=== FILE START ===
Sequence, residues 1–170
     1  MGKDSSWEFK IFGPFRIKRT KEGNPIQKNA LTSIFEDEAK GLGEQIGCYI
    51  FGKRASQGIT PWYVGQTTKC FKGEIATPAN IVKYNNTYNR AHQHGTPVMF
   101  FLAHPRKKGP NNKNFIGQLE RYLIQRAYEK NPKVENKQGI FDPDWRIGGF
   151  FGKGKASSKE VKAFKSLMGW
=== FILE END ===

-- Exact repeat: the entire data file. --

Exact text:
Sequence, residues 1–170
     1  MGKDSSWEFK IFGPFRIKRT KEGNPIQKNA LTSIFEDEAK GLGEQIGCYI
    51  FGKRASQGIT PWYVGQTTKC FKGEIATPAN IVKYNNTYNR AHQHGTPVMF
   101  FLAHPRKKGP NNKNFIGQLE RYLIQRAYEK NPKVENKQGI FDPDWRIGGF
   151  FGKGKASSKE VKAFKSLMGW